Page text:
John J. Albright (black and white image of portrait owned by Albright-Knox).
Image source: "100: The Buffalo Fine Arts Academy"
"As a lover of art and a believer in its beneficient influence in such a city as ours I have long felt that the Academy could not fulfill the purpose of its founders and friends without the possession of a permanent and suitable home...From such inquiries as I have been able to make I am led to believe that a suitable building would cost from $300,000 to $350,000. This expenditure I am ready to meet..."
After John J. Albright, a curator (director) of the Buffalo Fine Arts Academy, presented this letter to the board on January 15, 1900, the room was silent for a full minute. Then 81-year old Lars Sellsted, who had organized the first art exhibition in Buffalo in 1862, "broke down and crossing to Mr. Albright, clasped his hand." After five different borrowed or rented locations in 38 years, the Academy would have a home.*
And not just any home. Albright specified that the art gallery be constructed of white marble and be located in Delaware Park away from all potential industrial activity that would mar its beauty.
Albright, then 52 years old, would eventually spend $1,000,000 dollars ($28 million in today's dollars) on the gallery that even before it was completed was called the Albright Art Gallery.
He optimistically suggested that, if completed in time for the Pan-American Exposition the next year, it could be used for the Exposition's art gallery. (It was not.)
Floor plan where someone wrote "art school" across galleries 16, 17, and 18. Image source: "Academy Notes, 1905."
E.B. Green, 1899. Image source: Pan-American Herald.
Albright called on E.B. Green, who by 1900 had become his first choice for all his personal, business and philanthropic constructions. Green had designed the Buffalo Bolt Company forge and finishing shops (owned by Albright and Edmund Hayes) in North Tonawanda (1894); Welcome Hall and Cottage (1897); his family compound at 733 West Ferry. Green traveled the U.S. after being retained for the design of the new art gallery, evaluating the best aspects of other galleries. He wanted to place the building on its park site so that its attractiveness was emphasized. And, "it should be so impressive in its dignity that men should approach it with a certain feeling of reverence; with a feeling calculated to intensify the appreciation of responsibility and duty as citizens having personal participatory interest in the structure and contents." (Cornelia Bentley Sage, 1905). Green chose to design the gallery along the lines of a Greek temple. He specified 102 columns, more than any other American structure except the Capitol Building in Washington.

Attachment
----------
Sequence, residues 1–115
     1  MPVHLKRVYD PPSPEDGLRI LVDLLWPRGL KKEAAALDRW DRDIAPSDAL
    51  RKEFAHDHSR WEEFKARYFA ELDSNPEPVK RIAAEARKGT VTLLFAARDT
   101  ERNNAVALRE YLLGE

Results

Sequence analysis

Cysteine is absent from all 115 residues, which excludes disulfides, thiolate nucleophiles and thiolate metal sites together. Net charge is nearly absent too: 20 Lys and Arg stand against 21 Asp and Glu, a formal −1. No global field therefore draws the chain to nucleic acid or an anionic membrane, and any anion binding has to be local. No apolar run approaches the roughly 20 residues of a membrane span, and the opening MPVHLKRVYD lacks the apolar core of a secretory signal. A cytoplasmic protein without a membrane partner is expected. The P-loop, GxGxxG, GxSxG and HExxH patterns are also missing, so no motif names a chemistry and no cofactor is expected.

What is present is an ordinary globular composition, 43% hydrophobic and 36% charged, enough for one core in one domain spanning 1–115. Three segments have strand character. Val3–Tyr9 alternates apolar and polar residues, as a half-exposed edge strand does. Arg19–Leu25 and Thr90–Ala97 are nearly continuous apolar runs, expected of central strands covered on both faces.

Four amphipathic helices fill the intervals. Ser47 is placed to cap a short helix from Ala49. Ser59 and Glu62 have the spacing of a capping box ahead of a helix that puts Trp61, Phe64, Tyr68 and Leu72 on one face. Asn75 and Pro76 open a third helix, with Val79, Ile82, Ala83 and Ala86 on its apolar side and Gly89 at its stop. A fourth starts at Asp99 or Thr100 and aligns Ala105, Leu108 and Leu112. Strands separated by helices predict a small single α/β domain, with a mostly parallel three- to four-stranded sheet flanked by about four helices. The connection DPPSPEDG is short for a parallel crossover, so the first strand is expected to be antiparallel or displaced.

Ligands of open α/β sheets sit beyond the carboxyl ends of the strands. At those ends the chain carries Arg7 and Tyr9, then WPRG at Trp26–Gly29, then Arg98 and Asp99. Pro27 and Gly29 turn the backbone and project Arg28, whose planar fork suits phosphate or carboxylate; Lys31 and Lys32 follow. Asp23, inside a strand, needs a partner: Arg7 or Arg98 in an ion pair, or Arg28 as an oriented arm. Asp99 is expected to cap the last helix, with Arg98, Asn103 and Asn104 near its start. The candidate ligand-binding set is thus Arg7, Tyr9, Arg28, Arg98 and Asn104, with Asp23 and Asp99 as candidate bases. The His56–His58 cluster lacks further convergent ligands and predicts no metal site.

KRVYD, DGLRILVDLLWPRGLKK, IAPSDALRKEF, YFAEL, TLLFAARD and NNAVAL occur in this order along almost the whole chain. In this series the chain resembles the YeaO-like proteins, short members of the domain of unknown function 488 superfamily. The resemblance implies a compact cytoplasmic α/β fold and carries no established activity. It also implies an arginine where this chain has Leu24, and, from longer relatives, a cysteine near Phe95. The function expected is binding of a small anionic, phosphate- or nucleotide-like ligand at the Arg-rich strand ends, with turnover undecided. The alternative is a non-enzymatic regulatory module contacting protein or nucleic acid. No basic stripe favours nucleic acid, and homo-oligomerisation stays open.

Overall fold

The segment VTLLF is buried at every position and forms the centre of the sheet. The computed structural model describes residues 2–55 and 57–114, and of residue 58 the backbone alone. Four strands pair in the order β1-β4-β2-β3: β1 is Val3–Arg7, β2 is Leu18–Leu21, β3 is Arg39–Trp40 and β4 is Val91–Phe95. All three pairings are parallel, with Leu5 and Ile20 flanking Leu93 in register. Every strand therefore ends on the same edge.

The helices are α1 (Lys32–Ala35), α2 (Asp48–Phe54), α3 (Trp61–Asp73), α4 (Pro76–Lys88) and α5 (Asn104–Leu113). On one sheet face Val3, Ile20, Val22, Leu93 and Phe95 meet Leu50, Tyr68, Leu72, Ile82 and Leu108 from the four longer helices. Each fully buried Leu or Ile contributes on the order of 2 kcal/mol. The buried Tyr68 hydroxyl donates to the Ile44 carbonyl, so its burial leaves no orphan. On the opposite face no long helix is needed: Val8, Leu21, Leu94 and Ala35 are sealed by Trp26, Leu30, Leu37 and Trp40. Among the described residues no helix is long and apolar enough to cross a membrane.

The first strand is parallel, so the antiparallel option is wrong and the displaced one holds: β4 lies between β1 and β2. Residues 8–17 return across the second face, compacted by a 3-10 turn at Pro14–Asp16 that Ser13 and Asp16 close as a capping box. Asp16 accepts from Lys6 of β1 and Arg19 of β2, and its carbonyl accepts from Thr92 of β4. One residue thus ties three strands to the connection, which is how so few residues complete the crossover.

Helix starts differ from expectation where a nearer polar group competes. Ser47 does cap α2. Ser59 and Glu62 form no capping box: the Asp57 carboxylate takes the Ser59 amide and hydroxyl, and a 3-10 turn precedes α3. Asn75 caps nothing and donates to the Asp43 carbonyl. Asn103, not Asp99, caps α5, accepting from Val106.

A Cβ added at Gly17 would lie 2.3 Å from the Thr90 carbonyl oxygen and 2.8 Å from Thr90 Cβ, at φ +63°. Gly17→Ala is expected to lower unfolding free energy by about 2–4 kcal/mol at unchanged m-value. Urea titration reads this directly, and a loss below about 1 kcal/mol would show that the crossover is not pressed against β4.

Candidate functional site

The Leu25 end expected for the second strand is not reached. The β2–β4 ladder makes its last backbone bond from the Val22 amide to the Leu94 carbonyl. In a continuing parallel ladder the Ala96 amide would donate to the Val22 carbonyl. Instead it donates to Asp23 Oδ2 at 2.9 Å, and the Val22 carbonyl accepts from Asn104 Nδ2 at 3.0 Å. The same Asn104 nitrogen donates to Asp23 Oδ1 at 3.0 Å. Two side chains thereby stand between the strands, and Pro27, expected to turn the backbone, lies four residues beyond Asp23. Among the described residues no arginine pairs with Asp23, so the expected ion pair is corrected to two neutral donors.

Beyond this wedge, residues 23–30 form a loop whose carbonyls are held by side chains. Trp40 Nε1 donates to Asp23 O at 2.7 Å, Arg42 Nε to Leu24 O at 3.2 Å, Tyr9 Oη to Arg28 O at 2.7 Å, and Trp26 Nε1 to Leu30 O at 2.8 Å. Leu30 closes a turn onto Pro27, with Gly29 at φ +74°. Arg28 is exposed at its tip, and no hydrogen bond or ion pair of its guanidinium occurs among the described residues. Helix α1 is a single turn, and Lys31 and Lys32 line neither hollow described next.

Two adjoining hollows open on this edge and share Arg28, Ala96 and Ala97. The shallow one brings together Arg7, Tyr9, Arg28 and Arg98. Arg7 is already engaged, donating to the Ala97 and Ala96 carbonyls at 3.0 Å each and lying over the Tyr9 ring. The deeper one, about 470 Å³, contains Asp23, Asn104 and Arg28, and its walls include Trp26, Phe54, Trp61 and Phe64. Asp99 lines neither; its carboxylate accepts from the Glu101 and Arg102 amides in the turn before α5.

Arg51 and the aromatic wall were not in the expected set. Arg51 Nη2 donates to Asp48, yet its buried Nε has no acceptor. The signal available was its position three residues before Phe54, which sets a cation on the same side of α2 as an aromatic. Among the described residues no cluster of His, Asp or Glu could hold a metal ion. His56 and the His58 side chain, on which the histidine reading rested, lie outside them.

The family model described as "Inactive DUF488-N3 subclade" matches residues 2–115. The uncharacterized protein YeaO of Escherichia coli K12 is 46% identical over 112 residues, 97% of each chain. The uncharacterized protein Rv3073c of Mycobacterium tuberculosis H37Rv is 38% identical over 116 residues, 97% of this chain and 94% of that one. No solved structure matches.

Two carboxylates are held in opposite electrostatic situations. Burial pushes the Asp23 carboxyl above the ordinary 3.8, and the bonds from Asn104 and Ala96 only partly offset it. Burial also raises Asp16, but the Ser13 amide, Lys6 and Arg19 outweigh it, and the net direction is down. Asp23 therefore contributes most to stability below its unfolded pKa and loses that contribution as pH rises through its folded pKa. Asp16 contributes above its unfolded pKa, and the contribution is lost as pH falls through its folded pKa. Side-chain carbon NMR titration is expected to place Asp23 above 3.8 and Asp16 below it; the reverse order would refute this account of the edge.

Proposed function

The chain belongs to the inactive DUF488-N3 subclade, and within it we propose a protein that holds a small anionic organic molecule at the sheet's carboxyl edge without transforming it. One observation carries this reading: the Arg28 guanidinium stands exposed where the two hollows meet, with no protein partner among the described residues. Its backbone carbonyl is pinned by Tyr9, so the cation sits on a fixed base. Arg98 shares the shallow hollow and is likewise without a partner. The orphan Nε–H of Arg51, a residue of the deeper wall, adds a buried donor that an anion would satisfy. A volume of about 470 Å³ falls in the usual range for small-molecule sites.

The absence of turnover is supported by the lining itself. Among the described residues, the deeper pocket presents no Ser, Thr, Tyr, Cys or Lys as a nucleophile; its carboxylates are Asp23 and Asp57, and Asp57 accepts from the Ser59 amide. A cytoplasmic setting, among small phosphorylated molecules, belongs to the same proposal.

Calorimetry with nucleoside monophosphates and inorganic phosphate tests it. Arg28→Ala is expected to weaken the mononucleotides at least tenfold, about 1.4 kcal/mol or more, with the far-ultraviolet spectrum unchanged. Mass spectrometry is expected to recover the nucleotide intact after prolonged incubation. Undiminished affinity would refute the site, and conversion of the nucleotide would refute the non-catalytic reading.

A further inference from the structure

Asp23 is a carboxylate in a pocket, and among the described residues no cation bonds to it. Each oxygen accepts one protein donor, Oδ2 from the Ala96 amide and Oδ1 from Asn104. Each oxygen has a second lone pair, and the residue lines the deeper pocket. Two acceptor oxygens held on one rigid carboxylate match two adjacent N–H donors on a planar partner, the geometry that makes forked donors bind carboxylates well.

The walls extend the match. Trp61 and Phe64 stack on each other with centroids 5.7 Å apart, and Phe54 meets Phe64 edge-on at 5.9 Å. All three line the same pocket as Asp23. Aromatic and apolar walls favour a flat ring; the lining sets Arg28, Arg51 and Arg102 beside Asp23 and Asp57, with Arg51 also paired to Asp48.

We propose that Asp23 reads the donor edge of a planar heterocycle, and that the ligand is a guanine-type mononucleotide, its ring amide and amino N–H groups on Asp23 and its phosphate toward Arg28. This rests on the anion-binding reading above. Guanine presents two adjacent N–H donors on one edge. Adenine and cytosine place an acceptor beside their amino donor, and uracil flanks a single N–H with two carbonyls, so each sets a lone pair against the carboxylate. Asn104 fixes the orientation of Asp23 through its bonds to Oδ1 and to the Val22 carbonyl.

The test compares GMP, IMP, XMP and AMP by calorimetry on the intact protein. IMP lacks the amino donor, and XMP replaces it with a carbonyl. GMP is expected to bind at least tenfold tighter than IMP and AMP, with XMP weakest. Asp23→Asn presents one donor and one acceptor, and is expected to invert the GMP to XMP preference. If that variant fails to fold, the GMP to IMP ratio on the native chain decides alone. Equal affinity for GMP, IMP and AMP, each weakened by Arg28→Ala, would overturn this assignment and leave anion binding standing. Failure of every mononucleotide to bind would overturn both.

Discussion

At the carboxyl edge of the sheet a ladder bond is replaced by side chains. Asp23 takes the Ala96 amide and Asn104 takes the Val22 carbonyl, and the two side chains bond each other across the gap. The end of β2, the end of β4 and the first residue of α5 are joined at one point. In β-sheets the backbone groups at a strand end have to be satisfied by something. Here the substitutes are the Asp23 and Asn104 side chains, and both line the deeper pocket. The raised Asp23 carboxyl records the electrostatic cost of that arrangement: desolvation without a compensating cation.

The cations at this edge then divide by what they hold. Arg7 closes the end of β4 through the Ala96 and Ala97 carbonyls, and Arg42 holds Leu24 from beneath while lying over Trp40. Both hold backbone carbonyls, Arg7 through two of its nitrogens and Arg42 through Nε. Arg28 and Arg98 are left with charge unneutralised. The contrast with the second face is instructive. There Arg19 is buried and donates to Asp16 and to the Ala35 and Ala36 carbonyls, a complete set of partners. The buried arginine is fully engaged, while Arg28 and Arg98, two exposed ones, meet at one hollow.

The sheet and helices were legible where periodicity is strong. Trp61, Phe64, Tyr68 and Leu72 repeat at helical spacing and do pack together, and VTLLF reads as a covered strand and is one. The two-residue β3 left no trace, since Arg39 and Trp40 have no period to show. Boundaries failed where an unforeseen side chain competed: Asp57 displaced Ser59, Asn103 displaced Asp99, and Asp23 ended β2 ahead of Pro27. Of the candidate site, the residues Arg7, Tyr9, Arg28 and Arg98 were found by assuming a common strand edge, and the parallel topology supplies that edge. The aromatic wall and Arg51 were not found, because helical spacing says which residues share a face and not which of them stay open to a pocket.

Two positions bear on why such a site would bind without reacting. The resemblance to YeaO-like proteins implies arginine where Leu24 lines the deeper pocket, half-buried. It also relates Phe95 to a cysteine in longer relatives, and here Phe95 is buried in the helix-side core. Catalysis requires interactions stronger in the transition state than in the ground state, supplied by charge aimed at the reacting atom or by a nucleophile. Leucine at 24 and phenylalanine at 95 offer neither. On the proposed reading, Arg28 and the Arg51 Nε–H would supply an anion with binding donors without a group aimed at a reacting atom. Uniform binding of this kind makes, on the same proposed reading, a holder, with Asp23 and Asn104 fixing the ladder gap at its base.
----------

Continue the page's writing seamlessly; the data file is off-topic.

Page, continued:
As important to Green was the practical consideration of the interior spaces. Green designed the rooms to be well-proportioned with walls not too high. Three large spaces were lighted by double glass skylights with electrical lighting concealed between the layers of glass. The arrangement of rooms was designed to permit free flow of visitors without congestion. A grand staircase was purposely left out of the design because it detracted from this.
Placing a column, 1901. Image source: TBHM
The building was constructed using 5,000 tons of white marble from a Maryland quarry, the same marble used in the Metropolitan Museum in New York and the Washington Monument in Washington, D.C. This increased the costs considerably and, between securing materials and some labor troubles, the construction of the gallery lasted several years. E.B. Green felt it necessary to respond to critics about the lengthy construction in April, 1901: "Architectural works of art cannot be reared in a hurry. It takes time and care. Some of the Pan-American officials have said we could finish the gallery, if we tried, before the Exposition was dedicated. If it were a ten-story merchantile building, perhaps we might. They do not understand what it means to build a beautiful marble structure like the gallery. Take, for instance, those immense marble columns with which the gallery is to be adorned... We have been waiting a long time for the last column. It has just been secured, and they started two gangs of thirty men at work on it. They work two shifts of cutters eight hours each, and during the remaining eight hours of the day, another gang polishes what they have finished, so they are working every minute of the day and night on that one column and yet it will take them thirty days to finish it. There is another thing very few people know. One man sets all the marble that goes into the gallery...from the smallest block to the great columns. Of course he has about a dozen men helping him as laborers and seven or eight derricks and an engine, but when a piece of marble goes into place he puts it there. It is his eye alone that determines its fitness. When the gallery is finished, the master touch of one single hand will be stamped over it." ( He did not reveal the name of that man.)